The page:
of exposure. Such is the case with vertebral and posterior inferior cerebellar artery aneurysms, in which the surgical results are similar to those for anterior circulating aneurysms. Such may also be the case with most superior cerebellar artery aneurysms that are, of course, not associated with perforating vessels, which is the main problem with open surgery for basilar tip aneurysms. At least for most basilar tip and basilar trunk aneurysms, it is my opinion that endovascular therapy is currently preferable and is likely to remain so in the future. Middle

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Roberto C. Heros

very benign fashion, rarely if ever bleed, frequently thrombose spontaneously, and, importantly, rarely convert into the more aggressive type of fistula. 4 Therefore, the clear answer is that we should not be aggressive with treatment in these patients and should not subject them to invasive therapies that carry significant morbidity. This generally means avoiding open microsurgery and transvenous embolization in such patients. Frequently, partial palliative transarterial embolization significantly reduces flow, resulting in symptom relief and, occasionally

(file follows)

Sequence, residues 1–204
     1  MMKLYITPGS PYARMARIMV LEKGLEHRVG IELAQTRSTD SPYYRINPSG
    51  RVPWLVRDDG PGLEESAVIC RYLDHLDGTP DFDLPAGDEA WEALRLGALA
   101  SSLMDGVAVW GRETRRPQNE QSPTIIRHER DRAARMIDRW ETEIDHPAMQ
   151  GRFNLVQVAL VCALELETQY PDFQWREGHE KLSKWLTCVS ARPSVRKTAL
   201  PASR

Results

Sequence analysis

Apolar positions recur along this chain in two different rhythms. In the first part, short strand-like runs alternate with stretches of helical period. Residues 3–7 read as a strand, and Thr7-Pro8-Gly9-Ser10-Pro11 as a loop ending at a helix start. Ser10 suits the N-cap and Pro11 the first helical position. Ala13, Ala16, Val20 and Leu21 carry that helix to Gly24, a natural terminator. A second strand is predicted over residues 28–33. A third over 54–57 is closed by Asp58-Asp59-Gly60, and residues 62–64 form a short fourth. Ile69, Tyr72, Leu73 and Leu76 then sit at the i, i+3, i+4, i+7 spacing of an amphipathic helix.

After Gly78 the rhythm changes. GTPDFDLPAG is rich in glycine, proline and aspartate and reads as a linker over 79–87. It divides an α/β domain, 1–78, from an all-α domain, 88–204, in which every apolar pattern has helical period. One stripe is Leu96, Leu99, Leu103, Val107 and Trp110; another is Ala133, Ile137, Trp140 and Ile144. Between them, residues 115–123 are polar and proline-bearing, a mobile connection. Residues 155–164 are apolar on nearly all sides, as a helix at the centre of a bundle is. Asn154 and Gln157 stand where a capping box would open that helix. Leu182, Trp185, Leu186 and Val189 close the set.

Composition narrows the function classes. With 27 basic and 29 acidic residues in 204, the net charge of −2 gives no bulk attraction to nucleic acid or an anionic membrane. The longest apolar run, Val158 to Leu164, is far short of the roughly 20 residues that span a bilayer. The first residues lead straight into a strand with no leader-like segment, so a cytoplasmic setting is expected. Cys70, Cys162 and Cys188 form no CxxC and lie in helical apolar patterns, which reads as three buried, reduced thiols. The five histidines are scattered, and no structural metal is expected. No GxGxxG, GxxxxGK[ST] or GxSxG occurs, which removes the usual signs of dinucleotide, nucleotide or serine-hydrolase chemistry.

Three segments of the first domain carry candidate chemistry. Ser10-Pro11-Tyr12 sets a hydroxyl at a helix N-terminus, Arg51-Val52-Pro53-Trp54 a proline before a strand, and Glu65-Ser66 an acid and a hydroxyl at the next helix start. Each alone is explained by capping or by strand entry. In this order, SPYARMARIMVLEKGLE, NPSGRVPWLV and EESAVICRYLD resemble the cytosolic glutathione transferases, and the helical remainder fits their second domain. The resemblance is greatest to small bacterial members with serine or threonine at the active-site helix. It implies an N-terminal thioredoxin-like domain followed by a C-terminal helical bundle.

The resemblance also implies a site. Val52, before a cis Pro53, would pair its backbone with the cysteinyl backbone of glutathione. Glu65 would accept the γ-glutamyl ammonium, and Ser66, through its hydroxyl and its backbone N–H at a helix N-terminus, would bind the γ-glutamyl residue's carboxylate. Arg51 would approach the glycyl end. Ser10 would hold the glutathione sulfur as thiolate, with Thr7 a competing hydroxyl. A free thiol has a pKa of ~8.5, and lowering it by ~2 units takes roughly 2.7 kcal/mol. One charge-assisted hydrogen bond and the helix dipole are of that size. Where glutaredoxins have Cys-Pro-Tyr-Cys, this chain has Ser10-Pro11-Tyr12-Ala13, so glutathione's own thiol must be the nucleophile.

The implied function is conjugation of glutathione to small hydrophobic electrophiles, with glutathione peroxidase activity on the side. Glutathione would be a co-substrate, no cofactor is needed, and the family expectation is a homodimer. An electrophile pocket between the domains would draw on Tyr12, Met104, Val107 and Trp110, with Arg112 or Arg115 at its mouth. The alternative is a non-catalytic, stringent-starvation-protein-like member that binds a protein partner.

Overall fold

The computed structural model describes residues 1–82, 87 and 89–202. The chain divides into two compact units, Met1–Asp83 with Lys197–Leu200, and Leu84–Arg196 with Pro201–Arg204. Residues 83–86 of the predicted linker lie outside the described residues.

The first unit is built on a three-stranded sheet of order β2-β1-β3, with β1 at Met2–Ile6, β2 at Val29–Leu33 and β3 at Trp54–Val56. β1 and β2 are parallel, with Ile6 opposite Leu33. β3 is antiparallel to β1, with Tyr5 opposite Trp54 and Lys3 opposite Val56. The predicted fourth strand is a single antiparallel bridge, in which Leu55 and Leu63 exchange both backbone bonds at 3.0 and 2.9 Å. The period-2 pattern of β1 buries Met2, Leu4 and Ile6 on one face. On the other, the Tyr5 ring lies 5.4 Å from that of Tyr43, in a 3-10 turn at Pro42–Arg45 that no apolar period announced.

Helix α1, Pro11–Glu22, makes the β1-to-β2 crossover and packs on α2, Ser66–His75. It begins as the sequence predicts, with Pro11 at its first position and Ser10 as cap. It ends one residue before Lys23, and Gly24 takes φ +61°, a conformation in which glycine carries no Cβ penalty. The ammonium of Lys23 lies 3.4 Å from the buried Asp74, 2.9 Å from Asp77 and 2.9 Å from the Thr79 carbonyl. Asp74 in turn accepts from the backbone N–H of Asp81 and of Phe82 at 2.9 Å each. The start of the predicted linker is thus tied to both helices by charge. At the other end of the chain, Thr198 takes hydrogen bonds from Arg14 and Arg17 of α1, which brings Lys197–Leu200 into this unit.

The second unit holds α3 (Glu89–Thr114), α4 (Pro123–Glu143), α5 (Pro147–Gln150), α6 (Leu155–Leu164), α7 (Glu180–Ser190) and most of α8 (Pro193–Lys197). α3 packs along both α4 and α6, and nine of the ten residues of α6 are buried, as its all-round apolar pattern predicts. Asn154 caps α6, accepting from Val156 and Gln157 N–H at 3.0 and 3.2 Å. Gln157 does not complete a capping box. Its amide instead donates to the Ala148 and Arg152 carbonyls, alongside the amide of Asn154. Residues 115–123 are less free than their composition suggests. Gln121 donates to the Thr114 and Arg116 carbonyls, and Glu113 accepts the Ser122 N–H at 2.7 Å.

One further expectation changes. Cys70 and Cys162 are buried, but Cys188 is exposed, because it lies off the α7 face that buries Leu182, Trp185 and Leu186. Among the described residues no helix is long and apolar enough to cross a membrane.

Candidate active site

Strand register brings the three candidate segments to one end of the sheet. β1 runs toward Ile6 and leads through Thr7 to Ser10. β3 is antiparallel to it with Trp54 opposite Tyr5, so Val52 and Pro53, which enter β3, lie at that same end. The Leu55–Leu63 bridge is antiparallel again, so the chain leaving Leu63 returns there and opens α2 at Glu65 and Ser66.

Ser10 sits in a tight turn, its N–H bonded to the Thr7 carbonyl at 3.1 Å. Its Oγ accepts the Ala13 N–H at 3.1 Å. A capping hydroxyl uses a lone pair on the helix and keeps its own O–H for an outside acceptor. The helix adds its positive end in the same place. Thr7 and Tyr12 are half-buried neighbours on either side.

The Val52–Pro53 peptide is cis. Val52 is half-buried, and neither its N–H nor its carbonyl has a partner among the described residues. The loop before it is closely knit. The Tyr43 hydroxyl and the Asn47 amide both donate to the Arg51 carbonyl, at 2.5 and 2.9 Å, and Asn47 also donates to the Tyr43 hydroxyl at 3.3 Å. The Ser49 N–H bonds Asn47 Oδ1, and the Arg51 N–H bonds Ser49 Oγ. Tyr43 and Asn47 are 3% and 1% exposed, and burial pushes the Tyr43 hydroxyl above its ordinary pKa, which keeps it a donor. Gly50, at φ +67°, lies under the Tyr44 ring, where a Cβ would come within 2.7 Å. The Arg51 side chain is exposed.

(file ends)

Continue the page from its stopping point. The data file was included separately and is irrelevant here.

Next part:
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Arteriovenous malformations of the medial temporal lobe

Surgical approach and neuroradiological characterization

Roberto C. Heros

in Diagnosis and Therapy. Berlin : Springer-Verlag , 1975 , pp 123 – 128 Bushe KA, Bockhorn J, Schäfer ER: Macro- and microsurgery of central angiomas, in Pia HW, Gleave JR, Grote E, et al (eds): Cerebral Angiomas: Advances in Diagnosis and Therapy. Berlin: Springer-Verlag, 1975, pp 123–128 4. Butler AB , Partain RA , Netsky MG : Primary intraventricular hemorrhage. A mild and remediable form. Neurology 22 : 675 – 687 , 1972 Butler AB, Partain RA, Netsky MG: Primary intraventricular hemorrhage. A

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Roberto C. Heros